|Kids check out some wildlife at Tualatin's Soul River event. When we asked Kim for photos, she said she is always the one behind the camera, so she sent some of her work. Credit: USFWS
Kim Strassburg, the visitor services manager at Tualatin River National Wildlife Refuge on the outskirts of Portland, Oregon, has been a key player in the ground-up development of visitor facilities, the opening of the refuge to the public, and an integrated education, recreation and volunteer program designed to engage urban people in the outdoors. Kim says her primary duty is to coordinate good people to do good things, which is what she is best at. Her reward comes from looking out the window and seeing wide-eyed youngsters participating in volunteer-led programs, hearing many different languages spoken at the annual Tualatin River Bird Festival, making new connections with community organizations who share common goals, and hiring young adults and nurturing up and coming conservation professionals. Like many Service employees, her day is anything but typical. In the morning, she might call the plumber (got to keep those public facilities working!), then she might work on a funding proposal and finally she might spend time outdoors helping folks experience nature.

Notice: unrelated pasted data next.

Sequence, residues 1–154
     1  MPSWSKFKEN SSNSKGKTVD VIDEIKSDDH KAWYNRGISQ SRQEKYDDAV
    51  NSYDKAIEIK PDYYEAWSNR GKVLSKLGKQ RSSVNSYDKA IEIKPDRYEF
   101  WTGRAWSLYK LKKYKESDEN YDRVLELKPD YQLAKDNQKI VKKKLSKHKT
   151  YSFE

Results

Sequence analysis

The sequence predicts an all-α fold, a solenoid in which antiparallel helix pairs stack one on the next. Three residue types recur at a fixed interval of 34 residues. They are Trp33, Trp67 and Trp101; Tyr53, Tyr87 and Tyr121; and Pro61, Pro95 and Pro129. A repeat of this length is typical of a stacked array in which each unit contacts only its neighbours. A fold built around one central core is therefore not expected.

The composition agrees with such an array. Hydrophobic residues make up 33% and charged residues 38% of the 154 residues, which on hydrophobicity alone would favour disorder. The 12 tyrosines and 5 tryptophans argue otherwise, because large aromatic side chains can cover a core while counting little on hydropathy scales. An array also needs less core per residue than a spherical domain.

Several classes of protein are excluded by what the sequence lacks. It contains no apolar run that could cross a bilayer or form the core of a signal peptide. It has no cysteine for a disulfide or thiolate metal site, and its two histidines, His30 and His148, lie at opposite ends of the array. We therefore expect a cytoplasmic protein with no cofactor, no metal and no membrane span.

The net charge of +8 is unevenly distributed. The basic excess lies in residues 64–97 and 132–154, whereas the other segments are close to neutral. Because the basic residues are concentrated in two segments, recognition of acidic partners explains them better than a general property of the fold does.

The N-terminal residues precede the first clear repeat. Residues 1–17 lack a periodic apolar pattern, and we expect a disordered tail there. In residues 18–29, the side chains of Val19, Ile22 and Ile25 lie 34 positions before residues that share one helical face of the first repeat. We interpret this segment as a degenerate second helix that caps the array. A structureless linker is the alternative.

5 questions for Kim
1. Did you grow up in a city? If so, where, and what enabled you to develop a connection with nature? If not, why is urban outreach important to you?
I grew up in Chicago, Illinois, and Indianapolis, Indiana. My connection to nature started as a young child. I have memories of: catching bluegill at the local reservoir (which also provided city drinking water); catching bugs and frogs in my backyard, which backed up the interstate highway; and catching grief from elementary schools teachers when they found out I had brought praying mantises and earthworms into the classroom after recess.